Charbay Tequila Blanco; Charbay Whiskey Release II; Charbay Doubled & Twisted Light Whiskey.
Thanks to Jenni at Charbay, I have a small bottle of the best whiskey I've ever had. (Papa Saz is knocked to #2.)
I don't even know where to start with explaining this whiskey. Well, here's what it comes down to, I guess: whiskey starts out as beer. Not as good beer, though - it starts as a sort of lobotomized unhopped beer, because hops were added to beer as a preservative, and thanks to the distillation process there's no need for them. In 1999, the distillers at Charbay said, okay, but what if we made a good beer anyway? What if we started with a good beer - what would that do to the whiskey?
Well, it makes a fucking great whiskey, that's what.
They started with a Pilsner made from European two-row barley and hops (California, Nugget, and Eroica), distilled it in a pot still, and aged it in barrels. The first release of Charbay Whiskey was released in 2002, at 3 years old. The second release - what I have - was bottled in 2007, at 8 years old. It's bottled at 110 proof, and the hops are so unexpected that when I was giving Matt a sample of it, I misremembered and told him it was distilled from an IPA.
First of all, you can smell the beer in the nose - there's a lot of spice that I would probably take for rye if I didn't know what I was drinking, and a lot of caramel. The spice hits you right up front - again, like a good rye - and then the hops are there in a distinctive beer-like aftertaste.
I could drink this every day, straight. I can't afford to ... but I want to. It's good with bitters, especially orange bitters, and I haven't tried it in a Boulevardier (whiskey/Campari/sweet vermouth) yet but -- wait, I will stop writing this blog entry until I have done so.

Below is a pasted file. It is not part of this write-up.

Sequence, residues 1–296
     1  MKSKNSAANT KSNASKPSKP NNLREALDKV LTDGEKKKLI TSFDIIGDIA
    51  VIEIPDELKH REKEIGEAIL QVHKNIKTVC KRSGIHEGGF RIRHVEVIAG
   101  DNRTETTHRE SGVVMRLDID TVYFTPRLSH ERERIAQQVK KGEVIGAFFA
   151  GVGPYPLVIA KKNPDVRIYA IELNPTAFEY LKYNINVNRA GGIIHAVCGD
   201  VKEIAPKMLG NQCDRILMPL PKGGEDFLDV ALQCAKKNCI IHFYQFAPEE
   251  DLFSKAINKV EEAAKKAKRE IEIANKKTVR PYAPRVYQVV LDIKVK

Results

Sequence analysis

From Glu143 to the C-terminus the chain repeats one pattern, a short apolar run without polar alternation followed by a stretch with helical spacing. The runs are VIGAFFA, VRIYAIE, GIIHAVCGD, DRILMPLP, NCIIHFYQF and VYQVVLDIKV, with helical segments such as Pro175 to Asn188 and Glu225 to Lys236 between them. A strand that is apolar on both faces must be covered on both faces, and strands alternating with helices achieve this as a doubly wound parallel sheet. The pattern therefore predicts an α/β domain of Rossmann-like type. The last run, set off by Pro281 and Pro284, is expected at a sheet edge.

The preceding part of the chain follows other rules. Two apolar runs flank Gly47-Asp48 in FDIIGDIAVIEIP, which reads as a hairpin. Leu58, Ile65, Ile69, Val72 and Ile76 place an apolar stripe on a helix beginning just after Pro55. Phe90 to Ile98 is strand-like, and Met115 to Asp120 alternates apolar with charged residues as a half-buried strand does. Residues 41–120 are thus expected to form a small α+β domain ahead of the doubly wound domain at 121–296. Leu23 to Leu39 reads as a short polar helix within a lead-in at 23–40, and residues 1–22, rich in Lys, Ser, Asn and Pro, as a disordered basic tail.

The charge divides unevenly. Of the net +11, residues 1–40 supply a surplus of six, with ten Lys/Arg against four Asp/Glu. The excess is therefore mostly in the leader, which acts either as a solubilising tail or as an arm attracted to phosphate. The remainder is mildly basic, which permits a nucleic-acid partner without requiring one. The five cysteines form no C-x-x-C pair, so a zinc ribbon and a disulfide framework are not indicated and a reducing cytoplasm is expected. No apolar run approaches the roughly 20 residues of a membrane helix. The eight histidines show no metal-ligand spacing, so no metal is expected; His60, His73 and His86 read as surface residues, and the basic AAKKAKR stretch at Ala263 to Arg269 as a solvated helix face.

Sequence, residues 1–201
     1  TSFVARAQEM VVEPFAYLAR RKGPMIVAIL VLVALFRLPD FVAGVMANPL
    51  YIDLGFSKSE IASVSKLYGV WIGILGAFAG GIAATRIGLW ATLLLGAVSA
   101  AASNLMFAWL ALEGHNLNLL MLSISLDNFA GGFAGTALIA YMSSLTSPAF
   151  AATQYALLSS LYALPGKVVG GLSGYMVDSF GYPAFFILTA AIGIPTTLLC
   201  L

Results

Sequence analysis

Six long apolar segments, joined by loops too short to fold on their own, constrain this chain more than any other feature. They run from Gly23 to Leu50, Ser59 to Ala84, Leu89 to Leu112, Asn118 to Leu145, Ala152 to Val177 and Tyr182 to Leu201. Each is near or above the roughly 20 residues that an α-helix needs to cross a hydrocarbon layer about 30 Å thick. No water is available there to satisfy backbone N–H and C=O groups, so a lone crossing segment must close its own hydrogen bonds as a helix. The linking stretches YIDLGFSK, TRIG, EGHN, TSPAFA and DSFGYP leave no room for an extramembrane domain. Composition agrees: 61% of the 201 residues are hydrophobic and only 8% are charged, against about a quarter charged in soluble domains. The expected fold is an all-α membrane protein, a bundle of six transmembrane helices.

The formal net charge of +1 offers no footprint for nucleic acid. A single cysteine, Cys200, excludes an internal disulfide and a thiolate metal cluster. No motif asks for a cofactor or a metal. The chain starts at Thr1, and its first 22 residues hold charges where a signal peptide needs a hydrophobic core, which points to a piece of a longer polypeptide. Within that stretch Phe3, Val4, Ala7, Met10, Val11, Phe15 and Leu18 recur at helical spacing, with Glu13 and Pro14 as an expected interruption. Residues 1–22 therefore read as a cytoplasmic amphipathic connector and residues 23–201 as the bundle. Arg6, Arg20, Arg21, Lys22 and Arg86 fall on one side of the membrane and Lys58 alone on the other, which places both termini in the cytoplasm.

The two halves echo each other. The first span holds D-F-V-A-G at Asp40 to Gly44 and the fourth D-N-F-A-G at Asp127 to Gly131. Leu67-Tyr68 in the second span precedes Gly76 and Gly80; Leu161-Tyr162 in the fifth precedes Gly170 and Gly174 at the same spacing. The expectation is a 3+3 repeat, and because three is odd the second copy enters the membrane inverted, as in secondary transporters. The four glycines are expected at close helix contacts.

Okay, it's good in a Boulevardier, but the Campari overpowers much of the spice - though not the hop aftertaste - and I think this is a spirit best in more spirit-heavy cocktails like the Old-Fashioned and maybe a Manhattan that's light on the vermouth. A little lemon and Aperol works, too. The Boulevardier would probably work better here with different proportions - maybe 2 parts whiskey, 1 part vermouth, 1 part Campari.
The Doubled and Twisted, the bottle on the far right, is labeled a "Light Whiskey," and is Charbay's unaged whiskey - unlike the Charbay Whiskey, it's distilled from an IPA and bottled at 99 proof after only a day of barrel aging. (An aged version is forthcoming.) Since the Charbay is now my favorite whiskey, it's not surprising that the D&T is one of the best white whiskeys I've had - it's neck and neck with Glen Thunder. All of the funky nose of an unaged whiskey is there, with a much more pronounced hop flavor. It's very very cool. Again, you don't want to overpower the hops - this is best in a whiskey sour or on the rocks.
The Tequila Blanco has no hops. Just to be clear. The distillers distill it in Mexico in a copper pot still, and the GPS coordinates of the distillery are right on the label. It's a very tasty tequila, very peppery and green in a way that I love - I'm not as versed in tequilas, so I don't know which brands to compare it to, but I can tell you it's better than Patron (my usual brand).